The Turbo 400 automatic transmission is the final component that earns this car its spot on the roster of limited-number GTO “The Judge” models. In 1970, only seven convertibles were outfitted and sold with the Ram Air IV/Turbo 400 powertrain.
A peek into the Judge’s cockpit reveals Pontiac’s leather-finished “Formula” steering wheel, an AM/FM stereo and 8-track player, a center console, and custom seat belts. This model also has power disc brakes, power steering, and a Soft Ray tinted windshield. Note “The Judge” badge on the glove box door.
Pontiac’s GTO underwent a cosmetic makeover in 1970. The update included making the car slightly wider and redesigning the rear area with a new bumper and taillights, and quad-tipped dual exhaust that exits through cutouts in the valance.
Striping for Orbit Orange (which is very close to yellow) 1970 GTO “The Judge” models is a combination of blue, pink, and an orange that’s slightly deeper than the body color, which actually was coveted for that year.
The million-dollar Goat’s restoration included mounting the correct Firestone Super Sports G70-14 Wide Oval tires on what were optional Rally II steel wheels, with “PMD” (Pontiac Motor Division) center caps.
Functional Ram Air hoodscoops are also key components in a GTO’s makeup. This 1970 Judge’s scoops are appropriately identified with Ram Air IV decals.
Front fenders and rear quarter-panels are slightly bulbous and feature pronounced creases. The styling changes were fairly significant for LeMans and GTO in 1970, and further emphasized the “wide-track” concept that Pontiac adopted for its cars in the early 1960s.
Up front, 1970’s cosmetic updates centered on replacing GTO’s hide-away headlights with a full Endura bumper that includes individual grilles and dual headlights on each side.
Chuck’s 1970 Pontiac GTO Judge convertible has a strong “show” pedigree. Prior to being sold to Don Nichols Inc. of Walworth, Wisconsin, the Goat actually was a factory exhibition car. In 1999 and 2000, this car received Pontiac-Oakland Club International’s highest honors: Junior (’99), and Senior Gold awards, symbolized by this 2000 POCI grille badge.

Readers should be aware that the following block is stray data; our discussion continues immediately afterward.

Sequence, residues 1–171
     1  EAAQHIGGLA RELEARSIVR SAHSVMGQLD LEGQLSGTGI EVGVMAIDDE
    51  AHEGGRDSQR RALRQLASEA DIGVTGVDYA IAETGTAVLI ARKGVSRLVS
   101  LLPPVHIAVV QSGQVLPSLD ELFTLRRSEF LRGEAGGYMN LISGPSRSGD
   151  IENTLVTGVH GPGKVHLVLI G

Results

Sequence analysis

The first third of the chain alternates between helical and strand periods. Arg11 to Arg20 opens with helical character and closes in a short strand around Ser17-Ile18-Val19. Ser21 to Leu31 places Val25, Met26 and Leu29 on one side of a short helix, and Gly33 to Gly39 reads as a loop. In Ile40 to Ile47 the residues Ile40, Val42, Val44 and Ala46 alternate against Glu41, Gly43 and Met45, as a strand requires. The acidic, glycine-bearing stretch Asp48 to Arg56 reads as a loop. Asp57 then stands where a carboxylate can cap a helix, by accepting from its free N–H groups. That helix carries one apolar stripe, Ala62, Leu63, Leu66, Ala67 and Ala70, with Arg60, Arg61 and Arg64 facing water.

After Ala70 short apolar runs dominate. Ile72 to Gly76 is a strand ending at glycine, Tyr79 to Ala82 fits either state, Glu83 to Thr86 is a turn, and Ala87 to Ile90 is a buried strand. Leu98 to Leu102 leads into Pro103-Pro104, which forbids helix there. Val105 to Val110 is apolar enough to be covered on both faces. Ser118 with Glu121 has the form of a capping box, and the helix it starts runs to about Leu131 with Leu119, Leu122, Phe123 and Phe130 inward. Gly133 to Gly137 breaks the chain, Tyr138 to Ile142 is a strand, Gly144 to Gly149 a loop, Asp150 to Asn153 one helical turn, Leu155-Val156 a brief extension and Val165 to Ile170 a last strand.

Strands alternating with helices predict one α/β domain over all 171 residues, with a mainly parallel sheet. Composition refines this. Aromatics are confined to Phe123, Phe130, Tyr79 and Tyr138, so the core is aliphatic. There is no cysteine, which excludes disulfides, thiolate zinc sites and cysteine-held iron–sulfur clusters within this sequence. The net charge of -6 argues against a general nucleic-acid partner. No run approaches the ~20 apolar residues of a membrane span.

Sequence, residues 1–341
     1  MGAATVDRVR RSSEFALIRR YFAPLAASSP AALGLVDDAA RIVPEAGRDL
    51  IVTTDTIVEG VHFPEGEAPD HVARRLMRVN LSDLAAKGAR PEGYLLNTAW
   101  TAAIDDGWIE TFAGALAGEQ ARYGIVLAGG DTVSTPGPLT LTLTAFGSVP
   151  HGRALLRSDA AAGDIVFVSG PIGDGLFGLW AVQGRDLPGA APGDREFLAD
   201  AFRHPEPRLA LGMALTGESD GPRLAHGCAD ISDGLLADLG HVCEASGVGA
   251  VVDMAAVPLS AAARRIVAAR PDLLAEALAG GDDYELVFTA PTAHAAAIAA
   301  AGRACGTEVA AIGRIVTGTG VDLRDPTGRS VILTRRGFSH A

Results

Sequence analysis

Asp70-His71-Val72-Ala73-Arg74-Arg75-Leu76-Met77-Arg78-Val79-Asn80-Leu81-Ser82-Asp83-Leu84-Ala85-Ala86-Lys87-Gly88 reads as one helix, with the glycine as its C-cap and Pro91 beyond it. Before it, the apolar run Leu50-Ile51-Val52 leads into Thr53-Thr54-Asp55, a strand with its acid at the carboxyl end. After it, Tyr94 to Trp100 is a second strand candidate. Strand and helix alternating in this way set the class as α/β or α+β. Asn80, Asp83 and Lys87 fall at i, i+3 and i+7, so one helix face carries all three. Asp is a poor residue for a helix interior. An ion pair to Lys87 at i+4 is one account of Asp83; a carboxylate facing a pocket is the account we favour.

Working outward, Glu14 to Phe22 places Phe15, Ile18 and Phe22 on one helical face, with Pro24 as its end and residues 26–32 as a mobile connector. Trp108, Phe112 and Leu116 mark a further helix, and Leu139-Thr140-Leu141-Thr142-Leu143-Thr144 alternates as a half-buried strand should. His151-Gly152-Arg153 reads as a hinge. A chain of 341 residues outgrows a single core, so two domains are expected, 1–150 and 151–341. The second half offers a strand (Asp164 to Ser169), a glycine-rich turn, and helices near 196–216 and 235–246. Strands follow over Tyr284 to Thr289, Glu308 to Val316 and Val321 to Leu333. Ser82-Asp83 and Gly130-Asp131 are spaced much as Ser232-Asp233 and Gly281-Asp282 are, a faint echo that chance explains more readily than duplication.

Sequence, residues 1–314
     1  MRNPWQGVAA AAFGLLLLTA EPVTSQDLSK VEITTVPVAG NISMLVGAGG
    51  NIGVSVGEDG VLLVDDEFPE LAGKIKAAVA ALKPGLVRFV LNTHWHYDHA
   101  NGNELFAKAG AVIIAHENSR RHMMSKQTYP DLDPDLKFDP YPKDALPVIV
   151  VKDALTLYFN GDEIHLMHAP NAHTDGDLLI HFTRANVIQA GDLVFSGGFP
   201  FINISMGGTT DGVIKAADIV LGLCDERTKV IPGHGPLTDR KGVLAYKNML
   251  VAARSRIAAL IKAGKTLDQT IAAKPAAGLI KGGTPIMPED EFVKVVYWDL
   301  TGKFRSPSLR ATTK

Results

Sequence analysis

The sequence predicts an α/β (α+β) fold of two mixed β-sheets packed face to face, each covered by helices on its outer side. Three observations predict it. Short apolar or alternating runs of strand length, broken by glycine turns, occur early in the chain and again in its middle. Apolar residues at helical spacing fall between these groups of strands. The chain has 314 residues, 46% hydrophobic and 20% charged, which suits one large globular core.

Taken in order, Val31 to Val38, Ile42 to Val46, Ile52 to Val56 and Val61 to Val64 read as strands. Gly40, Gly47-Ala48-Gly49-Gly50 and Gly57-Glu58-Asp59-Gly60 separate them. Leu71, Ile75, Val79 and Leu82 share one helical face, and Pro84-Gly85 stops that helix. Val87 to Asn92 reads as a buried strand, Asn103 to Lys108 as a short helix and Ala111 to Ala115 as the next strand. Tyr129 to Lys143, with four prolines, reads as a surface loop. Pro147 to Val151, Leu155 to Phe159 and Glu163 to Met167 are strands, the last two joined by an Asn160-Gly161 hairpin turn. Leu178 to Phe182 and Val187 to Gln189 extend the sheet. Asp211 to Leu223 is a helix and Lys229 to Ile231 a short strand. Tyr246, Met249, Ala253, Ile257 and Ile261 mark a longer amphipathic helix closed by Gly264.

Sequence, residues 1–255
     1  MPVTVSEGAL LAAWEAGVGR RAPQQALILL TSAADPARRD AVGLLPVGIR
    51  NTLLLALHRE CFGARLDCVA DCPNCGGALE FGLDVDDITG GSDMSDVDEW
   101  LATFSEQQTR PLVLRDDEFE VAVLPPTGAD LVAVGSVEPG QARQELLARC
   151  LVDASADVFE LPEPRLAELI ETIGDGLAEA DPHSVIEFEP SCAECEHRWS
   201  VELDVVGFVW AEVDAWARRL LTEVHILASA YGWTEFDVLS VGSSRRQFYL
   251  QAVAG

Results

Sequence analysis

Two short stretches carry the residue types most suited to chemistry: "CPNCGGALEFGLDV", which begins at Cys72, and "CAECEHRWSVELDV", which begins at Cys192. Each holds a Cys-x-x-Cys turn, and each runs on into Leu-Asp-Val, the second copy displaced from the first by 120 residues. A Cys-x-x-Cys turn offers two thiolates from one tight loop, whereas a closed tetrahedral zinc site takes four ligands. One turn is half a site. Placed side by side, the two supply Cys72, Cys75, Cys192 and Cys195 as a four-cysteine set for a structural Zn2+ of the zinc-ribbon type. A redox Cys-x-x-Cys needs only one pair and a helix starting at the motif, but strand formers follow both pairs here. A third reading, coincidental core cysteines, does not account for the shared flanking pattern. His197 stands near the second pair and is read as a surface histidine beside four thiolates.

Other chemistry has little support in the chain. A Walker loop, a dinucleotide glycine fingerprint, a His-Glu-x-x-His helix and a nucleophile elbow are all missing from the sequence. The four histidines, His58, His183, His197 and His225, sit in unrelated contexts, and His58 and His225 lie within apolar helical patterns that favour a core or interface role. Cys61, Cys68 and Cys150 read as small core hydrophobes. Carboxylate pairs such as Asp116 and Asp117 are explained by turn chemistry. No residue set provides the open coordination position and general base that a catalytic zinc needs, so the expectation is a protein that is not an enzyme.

With the $1,100,000 sale of his Orbit Orange 1970 Pontiac GTO Judge convertible (Ram Air IV/Turbo 400), Chuck Cocoma (right) of Rockford, Illinois, is arguably the king of Pontiac GTOs. His collection includes more than 40 Goats of all configurations and color schemes (hardtop, convertible, Ram Air III, Ram Air IV, “The Judge,” etc. ), nine of which (all Ram Air IV cars) were sold at Mecum Auctions’ Kissimmee, Florida, 2023 opener.
Chuck says he has been devoted to the platform since purchasing his first GTO, a 1965. “A buddy and I were going up to Madison, Wisconsin, from Rockford, and I said, ‘You’re about to be passed.’ He was driving a 1963 Plymouth with a 383 and a four-speed, and when the GTO came up alongside, the guy downshifted, and that GTO just left us in the dust. So, I said, ‘I got to have one of them.’ When I got home from the service, I ordered one.”